# Cartesian Coordinate System

Not only the world of mathematics, but also many aspects of our daily life have to do in some way with locations in space: the location of a street, the location of our house, the theater seat. Therefore, it is important to know the way in which we can describe the position of a point in space; this is done by means of coordinates.

The coordinate system we use most frequently is the Cartesian (or rectangular) system, named in honor of the famous French philosopher and mathematician, René Descartes (1556 - 1650), who shares with the French lawyer and mathematician Pierre Fermat (1601 - 1665), the credit for his invention.

## Cartesian coordinates

To represent the location of any point P on a plane, we rely on a coordinate system formed by two lines perpendicular to each other, which intersect in a  point zero (Figure I).

• The lines are called coordinate axes and the point of intersection center or origin.
• The lines divide the plane into four parts, called quadrants, numbered from I to IV in a counterclockwise direction.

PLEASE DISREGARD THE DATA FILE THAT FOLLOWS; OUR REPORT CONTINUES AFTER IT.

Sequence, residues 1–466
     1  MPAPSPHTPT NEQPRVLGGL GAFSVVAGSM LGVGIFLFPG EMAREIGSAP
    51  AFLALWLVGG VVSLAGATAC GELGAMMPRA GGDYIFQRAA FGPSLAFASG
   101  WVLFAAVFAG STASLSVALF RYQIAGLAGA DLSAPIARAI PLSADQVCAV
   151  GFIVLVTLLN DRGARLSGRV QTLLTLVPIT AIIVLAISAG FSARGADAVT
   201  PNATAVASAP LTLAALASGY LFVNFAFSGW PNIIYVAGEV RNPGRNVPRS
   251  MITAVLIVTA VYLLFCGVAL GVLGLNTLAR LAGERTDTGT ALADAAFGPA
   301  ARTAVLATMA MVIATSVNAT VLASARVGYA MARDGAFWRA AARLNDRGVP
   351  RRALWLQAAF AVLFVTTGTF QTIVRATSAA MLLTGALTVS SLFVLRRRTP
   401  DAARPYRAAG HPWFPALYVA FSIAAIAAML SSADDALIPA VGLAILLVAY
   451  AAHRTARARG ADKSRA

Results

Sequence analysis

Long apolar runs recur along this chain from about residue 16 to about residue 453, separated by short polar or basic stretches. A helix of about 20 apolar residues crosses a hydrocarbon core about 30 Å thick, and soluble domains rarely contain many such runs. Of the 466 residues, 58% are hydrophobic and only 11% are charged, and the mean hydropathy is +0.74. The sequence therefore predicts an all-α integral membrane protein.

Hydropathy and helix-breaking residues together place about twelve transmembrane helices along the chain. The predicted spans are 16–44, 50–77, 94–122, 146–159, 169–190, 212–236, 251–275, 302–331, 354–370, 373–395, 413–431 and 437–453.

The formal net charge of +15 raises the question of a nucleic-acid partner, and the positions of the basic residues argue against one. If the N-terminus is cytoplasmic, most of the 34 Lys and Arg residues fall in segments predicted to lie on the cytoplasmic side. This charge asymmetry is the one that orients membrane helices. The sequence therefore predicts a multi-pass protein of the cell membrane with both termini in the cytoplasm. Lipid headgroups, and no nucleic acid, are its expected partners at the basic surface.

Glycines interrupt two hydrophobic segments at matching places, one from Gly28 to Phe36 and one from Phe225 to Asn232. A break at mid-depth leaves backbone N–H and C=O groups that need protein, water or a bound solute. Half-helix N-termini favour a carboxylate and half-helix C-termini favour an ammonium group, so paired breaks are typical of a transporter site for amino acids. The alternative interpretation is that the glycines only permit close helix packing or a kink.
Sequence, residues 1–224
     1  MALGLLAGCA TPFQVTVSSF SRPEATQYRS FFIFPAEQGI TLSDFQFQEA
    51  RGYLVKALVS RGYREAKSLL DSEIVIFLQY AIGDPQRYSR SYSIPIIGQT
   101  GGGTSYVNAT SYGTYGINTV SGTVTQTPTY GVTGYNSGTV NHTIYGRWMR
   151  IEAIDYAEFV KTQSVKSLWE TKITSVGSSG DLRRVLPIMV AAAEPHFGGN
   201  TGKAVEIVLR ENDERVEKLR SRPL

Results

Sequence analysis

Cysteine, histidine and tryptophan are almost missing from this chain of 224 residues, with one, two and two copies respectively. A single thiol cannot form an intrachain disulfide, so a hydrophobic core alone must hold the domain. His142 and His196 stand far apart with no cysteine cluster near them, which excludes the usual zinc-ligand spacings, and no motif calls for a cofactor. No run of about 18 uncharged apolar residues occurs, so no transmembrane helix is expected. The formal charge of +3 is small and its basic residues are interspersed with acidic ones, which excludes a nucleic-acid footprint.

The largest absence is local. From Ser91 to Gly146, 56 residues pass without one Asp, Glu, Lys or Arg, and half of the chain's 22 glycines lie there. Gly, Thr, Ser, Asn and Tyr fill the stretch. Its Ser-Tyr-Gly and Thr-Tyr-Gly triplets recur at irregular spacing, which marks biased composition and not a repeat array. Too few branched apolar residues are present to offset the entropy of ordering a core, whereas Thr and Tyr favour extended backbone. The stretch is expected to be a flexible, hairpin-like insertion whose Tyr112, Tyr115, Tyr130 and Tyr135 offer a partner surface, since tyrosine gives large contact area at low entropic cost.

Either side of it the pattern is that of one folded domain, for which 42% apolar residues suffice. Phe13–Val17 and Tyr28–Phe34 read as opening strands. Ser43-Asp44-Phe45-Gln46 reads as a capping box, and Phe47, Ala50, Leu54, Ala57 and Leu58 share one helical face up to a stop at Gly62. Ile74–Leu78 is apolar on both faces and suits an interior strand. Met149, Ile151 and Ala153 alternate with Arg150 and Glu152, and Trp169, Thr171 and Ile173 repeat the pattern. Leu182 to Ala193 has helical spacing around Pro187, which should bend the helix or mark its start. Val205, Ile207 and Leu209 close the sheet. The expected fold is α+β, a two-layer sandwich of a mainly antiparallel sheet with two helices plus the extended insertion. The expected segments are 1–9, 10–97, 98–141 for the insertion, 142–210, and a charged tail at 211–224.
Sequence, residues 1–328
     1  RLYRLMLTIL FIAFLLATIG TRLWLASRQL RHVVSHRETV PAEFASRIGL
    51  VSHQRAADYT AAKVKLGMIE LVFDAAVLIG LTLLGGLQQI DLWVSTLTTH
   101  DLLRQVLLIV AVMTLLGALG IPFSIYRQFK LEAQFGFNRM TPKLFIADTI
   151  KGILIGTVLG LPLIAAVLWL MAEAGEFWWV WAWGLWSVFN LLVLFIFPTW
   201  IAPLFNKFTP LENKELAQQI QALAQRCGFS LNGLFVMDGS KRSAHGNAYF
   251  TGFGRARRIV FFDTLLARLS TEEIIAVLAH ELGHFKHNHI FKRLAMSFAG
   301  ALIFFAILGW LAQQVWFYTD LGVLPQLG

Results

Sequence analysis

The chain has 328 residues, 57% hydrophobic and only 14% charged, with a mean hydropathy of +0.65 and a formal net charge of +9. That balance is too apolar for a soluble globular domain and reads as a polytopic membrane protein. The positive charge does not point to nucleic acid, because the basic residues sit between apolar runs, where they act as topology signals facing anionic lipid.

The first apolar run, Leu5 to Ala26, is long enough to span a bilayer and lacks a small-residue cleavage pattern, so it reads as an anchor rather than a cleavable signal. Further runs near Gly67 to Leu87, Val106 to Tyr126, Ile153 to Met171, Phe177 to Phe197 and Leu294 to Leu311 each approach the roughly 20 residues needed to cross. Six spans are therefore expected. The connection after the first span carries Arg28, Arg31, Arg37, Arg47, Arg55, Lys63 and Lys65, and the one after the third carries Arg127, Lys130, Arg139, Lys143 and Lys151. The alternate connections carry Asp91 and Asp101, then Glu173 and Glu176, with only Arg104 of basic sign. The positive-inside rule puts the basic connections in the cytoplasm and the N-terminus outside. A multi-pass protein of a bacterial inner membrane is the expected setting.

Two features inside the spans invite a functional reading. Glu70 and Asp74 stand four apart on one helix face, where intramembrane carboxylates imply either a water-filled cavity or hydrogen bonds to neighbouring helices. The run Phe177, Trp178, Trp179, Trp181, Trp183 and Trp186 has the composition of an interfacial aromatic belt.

• The horizontal axis is called x axis or axis of the abscissa and it has its positive part to the right of the center and its negative part to the left.
• The vertical axis is called axis and or axis of the ordinates and it has its positive part up and its negative part down.

### Coordinates of a point

Any point P on the plane is specified by a pair of real numbers called point coordinates. These points are written in order, first that of the horizontal axis (called abscissa) and then the vertical axis (called ordered):

P (abscissa, ordered)

To obtain these coordinates of the point P (x, y), we draw a line parallel to the x axis that passes through P; the cut-off point of this line with the x-axis is at a distance x of origin. Then we draw a line parallel to the axis and through P; the distance of the cut point from the y axis to the origin is y (Figure II).

Conversely, if we know the coordinates of the point and want to locate it on the plane, we first draw a parallel line for its abscissa and then one for its ordinate towards the axes; These lines intersect at a point that is the one represented by the coordinates P (x, y) (Figure III).